A lot of attention has been given to various ways that scammers bilk Medicare. But experts are seeing an increase in the number of cases in which the scammers target not just Medicare, but the Medicare recipients themselves. The result is potentially large financial losses for the elderly, who may be ill-equipped to investigate fraud, be embarrassed at having been fooled or by not know where to turn for help in recovering their money.
How does it all work? Frequently, scammers posing as Medicare specialists will ask for bank account or credit card numbers. Once they have them, they can wipe out victims' savings or run up mountains of credit card bills. Similarly, they are sometimes able to use someone's Medicare number as the first step toward identity theft.
"Treat your Medicare number like a credit card. You would not give out credit card information to a stranger. Do not give out your Medicare card (number) to anyone," says Barbara Dieker, director of the Office of Elder Rights at the Administration of Aging, part of the U.S. Department of Health and Human Services.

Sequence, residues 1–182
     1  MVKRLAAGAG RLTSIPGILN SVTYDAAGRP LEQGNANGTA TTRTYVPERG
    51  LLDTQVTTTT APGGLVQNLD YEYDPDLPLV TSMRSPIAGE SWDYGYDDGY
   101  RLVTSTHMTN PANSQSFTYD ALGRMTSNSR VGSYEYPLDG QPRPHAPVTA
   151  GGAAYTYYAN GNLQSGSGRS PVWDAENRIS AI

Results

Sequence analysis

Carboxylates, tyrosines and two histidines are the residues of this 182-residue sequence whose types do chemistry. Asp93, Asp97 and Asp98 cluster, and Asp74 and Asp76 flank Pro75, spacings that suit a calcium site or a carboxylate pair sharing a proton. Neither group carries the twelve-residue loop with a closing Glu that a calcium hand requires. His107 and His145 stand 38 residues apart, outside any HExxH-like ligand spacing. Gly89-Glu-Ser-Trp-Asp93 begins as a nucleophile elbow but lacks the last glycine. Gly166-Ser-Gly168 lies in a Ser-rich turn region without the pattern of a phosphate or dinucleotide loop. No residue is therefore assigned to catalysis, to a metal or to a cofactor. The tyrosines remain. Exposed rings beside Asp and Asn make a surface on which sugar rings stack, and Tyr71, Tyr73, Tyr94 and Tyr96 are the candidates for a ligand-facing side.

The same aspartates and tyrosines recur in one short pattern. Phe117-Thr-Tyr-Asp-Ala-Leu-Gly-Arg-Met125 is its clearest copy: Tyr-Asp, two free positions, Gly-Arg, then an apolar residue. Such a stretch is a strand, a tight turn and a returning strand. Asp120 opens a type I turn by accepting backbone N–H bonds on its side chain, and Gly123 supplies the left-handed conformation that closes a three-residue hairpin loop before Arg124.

But the scammers are masters at getting people to reveal personal information. They may call on the phone and chat up the person, saying they are with the federal government. They may ask the victim to verify his or her address, or if he or she still goes to a particular senior center. The goal is to build trust and credibility. Then, they ask for a Medicare number or bank information.
Fueling the fear factorScams run the gamut, but they often play on changes in health care coverage, which the elderly may not understand well or be fearful of, says Dieker. An example is the Patient Protection and Affordable Care Act, the sweeping health reform law passed in 2010.
She says one of the first scams to surface occurred in Missouri, where con artists went to seniors' doors hawking "Obamacare" insurance policies. They claimed the policies had a limited enrollment period, so the person must act quickly. To lock in coverage, the person would have to provide their Medicare number. "People are scared to death to lose health care," Dieker says. "They twist and turn to create misinformation about it to make a buck."
Scammers also used the guise of health care reform to call up a beneficiary, claim to be from the federal government, and offer $250 to help with the prescription drug "doughnut hole." This "doughnut hole" is a coverage gap on prescriptions, when a person's drug costs are too high to be covered by basic Medicare, but not high enough to qualify for catastrophic coverage.
The catch: Scammers tell seniors they must provide their bank account number to receive a direct deposit, or their Medicare number.